Just like they do most Wednesday nights, members of the campus improv troupe Comedy Wars took the Bengal Lair stage March 19 in Memorial Union North.
But there was one difference this time.
After a seven-month tryout process, freshman Josh Ejnes and sophomore Drew Derstine joined the crew on stage. As the newest members of the sketch comedy group, Ejnes and Derstine spent most of the year attending rounds of auditions and Sunday practices, but they didn’t join a Comedy Wars performance until March.
The audition process for Comedy Wars began in September, with two groups of 15 potential members. That number was whittled down to eight, then to five.
Senior Zach Beattie, Comedy Wars captain, said the group looks for people willing to learn during the audition process.
“A lot of improv is actually getting out there and trying and failing,” Beattie said.
Eventually, Ejnes, Derstine and one other prospective member began an extended tryout process. By March, only Ejnes and Derstine were left.
“It felt long, but I kind of understand why it was so long because they have to put on such a quality show every week,” Ejnes said. “They have to make sure you’re ready.”
Being ready, Beattie said, involves having chemistry with the other members of the group.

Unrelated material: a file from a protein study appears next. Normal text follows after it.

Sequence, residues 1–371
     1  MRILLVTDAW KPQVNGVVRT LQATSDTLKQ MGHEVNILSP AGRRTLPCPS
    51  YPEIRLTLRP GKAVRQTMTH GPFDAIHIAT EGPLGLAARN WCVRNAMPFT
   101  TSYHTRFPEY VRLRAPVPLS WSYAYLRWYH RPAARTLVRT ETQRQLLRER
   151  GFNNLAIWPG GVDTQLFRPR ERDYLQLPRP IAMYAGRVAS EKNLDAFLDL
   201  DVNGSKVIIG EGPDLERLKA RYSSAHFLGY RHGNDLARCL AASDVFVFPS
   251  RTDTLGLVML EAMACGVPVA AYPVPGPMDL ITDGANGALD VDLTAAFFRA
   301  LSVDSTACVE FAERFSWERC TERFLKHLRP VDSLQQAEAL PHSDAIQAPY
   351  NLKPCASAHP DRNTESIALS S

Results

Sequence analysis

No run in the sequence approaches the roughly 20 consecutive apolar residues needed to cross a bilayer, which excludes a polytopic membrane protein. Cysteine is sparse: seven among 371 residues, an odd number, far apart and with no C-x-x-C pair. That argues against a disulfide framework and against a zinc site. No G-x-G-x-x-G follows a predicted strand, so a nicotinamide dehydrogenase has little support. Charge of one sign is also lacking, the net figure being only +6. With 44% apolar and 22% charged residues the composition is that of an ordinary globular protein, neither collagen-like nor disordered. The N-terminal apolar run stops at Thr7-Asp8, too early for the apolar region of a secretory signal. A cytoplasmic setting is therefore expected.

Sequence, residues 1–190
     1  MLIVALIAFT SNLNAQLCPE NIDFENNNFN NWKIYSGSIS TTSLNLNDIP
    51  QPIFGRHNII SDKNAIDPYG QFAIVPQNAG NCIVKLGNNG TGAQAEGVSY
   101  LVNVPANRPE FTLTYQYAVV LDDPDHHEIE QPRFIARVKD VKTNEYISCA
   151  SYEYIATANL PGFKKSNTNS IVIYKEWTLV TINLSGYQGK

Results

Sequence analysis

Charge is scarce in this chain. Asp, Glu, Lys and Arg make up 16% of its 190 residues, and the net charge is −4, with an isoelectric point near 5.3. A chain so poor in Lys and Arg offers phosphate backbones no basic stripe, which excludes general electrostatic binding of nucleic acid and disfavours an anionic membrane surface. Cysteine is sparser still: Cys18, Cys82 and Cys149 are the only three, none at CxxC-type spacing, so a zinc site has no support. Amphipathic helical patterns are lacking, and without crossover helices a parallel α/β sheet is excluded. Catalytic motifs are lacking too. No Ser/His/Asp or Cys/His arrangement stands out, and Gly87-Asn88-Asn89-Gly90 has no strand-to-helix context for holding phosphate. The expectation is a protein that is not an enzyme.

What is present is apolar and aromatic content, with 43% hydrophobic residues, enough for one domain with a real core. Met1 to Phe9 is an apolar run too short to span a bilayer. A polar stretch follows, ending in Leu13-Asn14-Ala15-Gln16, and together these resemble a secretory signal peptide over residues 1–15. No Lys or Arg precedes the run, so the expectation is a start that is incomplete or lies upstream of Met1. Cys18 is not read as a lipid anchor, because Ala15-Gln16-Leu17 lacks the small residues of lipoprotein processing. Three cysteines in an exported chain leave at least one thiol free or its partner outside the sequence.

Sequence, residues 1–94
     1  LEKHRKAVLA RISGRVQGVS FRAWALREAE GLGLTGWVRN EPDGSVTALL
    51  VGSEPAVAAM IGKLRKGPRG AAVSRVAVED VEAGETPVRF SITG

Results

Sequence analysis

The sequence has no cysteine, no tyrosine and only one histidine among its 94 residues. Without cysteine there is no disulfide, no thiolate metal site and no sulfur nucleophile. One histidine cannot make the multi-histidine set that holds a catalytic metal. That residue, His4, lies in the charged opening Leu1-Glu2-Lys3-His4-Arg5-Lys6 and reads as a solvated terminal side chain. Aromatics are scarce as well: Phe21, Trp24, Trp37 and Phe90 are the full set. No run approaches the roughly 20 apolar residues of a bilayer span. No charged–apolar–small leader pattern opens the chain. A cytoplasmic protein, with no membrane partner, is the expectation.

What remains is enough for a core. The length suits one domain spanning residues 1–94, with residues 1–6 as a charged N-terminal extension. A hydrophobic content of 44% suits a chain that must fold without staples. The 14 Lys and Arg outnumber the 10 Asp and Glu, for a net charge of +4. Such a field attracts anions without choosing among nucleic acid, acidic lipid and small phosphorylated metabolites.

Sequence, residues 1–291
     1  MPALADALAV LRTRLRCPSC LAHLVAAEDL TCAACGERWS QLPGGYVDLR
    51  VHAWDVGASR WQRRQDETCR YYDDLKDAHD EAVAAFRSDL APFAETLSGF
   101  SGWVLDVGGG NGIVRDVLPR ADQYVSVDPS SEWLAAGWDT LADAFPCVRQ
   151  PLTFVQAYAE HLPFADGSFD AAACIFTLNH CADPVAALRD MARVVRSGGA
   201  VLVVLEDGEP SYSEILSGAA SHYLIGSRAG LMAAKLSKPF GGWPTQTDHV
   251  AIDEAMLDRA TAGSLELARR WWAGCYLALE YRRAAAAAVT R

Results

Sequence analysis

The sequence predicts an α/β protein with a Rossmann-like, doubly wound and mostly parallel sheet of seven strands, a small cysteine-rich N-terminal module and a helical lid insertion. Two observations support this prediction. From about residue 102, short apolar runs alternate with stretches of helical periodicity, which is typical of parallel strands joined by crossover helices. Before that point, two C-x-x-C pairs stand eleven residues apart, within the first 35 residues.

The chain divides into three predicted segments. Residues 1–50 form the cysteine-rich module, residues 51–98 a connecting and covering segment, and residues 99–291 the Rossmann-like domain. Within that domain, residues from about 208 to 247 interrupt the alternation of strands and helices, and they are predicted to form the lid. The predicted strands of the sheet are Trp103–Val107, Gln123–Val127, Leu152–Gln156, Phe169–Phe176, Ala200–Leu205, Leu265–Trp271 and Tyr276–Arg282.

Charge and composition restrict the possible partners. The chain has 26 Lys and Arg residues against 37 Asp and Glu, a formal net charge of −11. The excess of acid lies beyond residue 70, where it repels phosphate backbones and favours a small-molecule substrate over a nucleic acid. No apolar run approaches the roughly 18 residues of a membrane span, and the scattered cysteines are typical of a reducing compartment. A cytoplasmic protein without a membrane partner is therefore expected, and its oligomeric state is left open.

Still, Beattie said he understands the difficulty that comes with the process. Ejnes and Derstine weren’t given an exact date for when they’d be put on stage.
“It’s absolutely frustrating,” Beattie said. “It’s very frustrating. It was frustrating for me. It was frustrating for the year in front of Drew and Josh. … Getting on stage, it’s something we see as a privilege.”
When group members decided Ejnes and Derstine would finally join the troupe on stage, the other members of Comedy Wars arrived at the new members’ respective doors, ready to celebrate.
“It was fun,” Derstine said, “but I can’t tell you much more than that.”
Even before beginning the tryout process, Derstine said he had chemistry with two Comedy Wars members. After first performing improv in workshops in middle school, Derstine was a member of the improv troupe Five Finger Discount at Parkway South High School in St. Louis with fellow Comedy Wars members Kyle Gunby and Clint Cannon.
“It definitely helped in that I was already friends with them,” Derstine said. “I kind of had a headstart in a way.”
Ejnes, on the other hand, had never performed improv prior to arriving at MU. The freshman English major from Rhode Island said his only other experience on stage was as a bassist in a band.
“I’ve always been kind of interested in comedy, and most of the people who do well as comedians or actors do improv,” Ejnes said. “So it’s always been something I’ve been interested in. I’ve just never had the opportunity to do it until I came here.”
Ejnes said the March 19 performance was the the largest crowd he’d ever performed in front of, far larger than his performances with MU Improv.
Though Derstine had performed in front of larger crowd as a member of Five Finger Discount, he said the March 19 crowd was the most receptive one he’d ever had.
Beattie was satisfied, too.
“I was very proud,” Beattie said. “As proud as an improv father could be.”